As a historian who’s written about this period extensively, Rappaport is sensitive to all of this and the fact that the regime was a doomed one. She teases out beautifully the links between the royal houses, the issues each country was facing, and the fact that in the end it became a case of survival for many a king or queen. Diplomatic efforts died on the vine. Monarchs changed their minds back and forth about offering asylum. No doubt several countries were remembering the treatment meted out to rulers during any number of French revolutions… Rappaport is to be applauded therefore for making it clear that the field of possible royal houses and countries which could have saved the Romanovs actually comprised a large part of Europe – indeed she seems at times to be on a mission to save George V from the charge of neglecting his cousin! But in most cases, the choice came down to blood ties vs. political and financial alliances; and royalty everywhere was under threat from discord of one kind or another, so the various European royal families were actually busy watching their own backs. And as Rappaport reminds us, even in exile the Romanovs could have been seen as a rallying point for royalists everywhere; so to those who were fighting for a more constitutional country, they would always be a danger.
Although I found The Race to Save the Romanovs fascinating, I do have to add a caveat or two. The narrative structure of the book struck me as highly unusual; Rappaport regularly interrupts the flow with italicised paragraphs to signpost particular new revelations, and relate where she found the material she’s about to present. This is something I would have expected to see addressed in footnotes, endnotes, or perhaps a section specifically telling how and where she sourced new information. Having it suddenly appear in the middle of the main text this way was rather jarring and perhaps surprising from a professional historian.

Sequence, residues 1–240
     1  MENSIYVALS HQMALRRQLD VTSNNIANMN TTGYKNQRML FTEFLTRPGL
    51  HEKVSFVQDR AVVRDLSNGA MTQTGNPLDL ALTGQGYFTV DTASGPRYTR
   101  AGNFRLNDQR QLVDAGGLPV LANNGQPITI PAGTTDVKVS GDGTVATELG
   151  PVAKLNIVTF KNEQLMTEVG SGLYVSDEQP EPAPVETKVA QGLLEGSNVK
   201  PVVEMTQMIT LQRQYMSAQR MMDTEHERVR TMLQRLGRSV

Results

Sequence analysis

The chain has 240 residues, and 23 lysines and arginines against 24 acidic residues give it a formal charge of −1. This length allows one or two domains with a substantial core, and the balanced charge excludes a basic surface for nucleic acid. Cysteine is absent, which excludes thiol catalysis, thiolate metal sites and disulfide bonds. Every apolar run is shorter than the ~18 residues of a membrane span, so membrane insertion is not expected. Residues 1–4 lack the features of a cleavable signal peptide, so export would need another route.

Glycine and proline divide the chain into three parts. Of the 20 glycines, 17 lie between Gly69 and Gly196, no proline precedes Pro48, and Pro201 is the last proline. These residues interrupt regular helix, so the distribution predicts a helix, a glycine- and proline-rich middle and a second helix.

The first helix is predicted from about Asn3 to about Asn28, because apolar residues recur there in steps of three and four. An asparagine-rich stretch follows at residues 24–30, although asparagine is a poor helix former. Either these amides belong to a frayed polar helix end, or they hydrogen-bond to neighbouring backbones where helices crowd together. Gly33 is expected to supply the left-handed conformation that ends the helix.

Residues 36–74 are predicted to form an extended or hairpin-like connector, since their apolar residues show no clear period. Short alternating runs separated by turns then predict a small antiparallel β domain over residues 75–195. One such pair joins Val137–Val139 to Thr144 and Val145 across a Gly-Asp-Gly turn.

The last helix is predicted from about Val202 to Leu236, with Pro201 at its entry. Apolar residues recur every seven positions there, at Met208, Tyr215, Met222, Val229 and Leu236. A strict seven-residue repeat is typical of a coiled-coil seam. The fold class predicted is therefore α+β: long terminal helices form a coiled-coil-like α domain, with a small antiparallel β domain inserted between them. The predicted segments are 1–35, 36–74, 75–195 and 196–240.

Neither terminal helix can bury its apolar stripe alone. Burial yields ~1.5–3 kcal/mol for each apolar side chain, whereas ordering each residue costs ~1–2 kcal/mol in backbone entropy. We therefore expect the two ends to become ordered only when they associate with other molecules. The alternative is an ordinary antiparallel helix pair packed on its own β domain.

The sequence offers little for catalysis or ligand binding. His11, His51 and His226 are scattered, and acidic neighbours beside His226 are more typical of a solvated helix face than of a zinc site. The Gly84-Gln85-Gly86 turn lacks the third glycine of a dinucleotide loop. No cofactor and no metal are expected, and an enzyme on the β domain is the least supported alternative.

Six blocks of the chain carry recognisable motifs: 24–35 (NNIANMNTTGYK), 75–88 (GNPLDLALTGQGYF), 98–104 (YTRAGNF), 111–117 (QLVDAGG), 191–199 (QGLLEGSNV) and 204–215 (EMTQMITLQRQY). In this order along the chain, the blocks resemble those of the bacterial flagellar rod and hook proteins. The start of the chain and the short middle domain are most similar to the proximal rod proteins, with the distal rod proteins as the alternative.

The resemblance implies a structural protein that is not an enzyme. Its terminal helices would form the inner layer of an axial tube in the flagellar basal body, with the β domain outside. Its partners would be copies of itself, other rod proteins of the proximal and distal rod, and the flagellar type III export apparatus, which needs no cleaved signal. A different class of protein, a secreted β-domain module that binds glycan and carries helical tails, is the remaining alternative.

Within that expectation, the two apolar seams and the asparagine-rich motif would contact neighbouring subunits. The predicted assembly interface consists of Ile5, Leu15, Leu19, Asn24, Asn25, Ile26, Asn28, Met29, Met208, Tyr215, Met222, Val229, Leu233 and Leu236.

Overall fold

Rappaport has drawn on a wide range of resources and archives (the six pages of thanks to the many people who assisted in research and accessed many of these for her attest to that). She has gleaned some new and undeniably interesting details from those archives; however, as she herself states at the end of the book, when commenting on Kaiser Wilhelm’s declaration that the Romanovs’ death should not be laid at his door, “What written records may or may not have existed in their private archives to enlighten us have either been destroyed or are still – 100 years later – off-limits.”
The Race to Save the Romanovs is therefore more of a ‘state of play at the moment’ work than a definitive final statement, as the implication is that there is more that these archives could disclose; and it’s this that leads me to think that this material would have been better presented in a scholarly journal or monograph, rather than showcasing these new finds over 300 pages of popular history which risks losing those without background knowledge of the situation. This may seem a slightly harsh judgement, and I would never want to belittle the massive amount of research undertaken by Rappaport and her colleagues and contacts. However, I’m not convinced the general reader, with no particular knowledge of the Romanovs, would get all they need to know from this book; and a more specialist reader, with a history of reading in the subject, might prefer a more succinct and scholarly approach.
Nevertheless, The Race to Save the Romanovs is an interesting and beautifully presented book with copious notes, sources and bibliography, as well as two excellent plate sections. Rappaport undoubtedly brings new information to the table concerning the diplomatic efforts behind the scenes to save the Romanovs, and it was intriguing to see how interlinked those royal dynasties were. I’m sure that the fate of the last Imperial Russian family will continue to exercise a fascination over us in years to come and it will be interesting to see what other information Rappaport and historians like her can uncover to enhance our understanding of the past.
Karen Langley blogs at kaggsysbookishramblings (www.kaggsysbookishramblings.wordpress.com)
Helen Rappaport, The Race to Save the Romanovs (Hutchinson, 2018). I9781786331045, 372pp, hardback.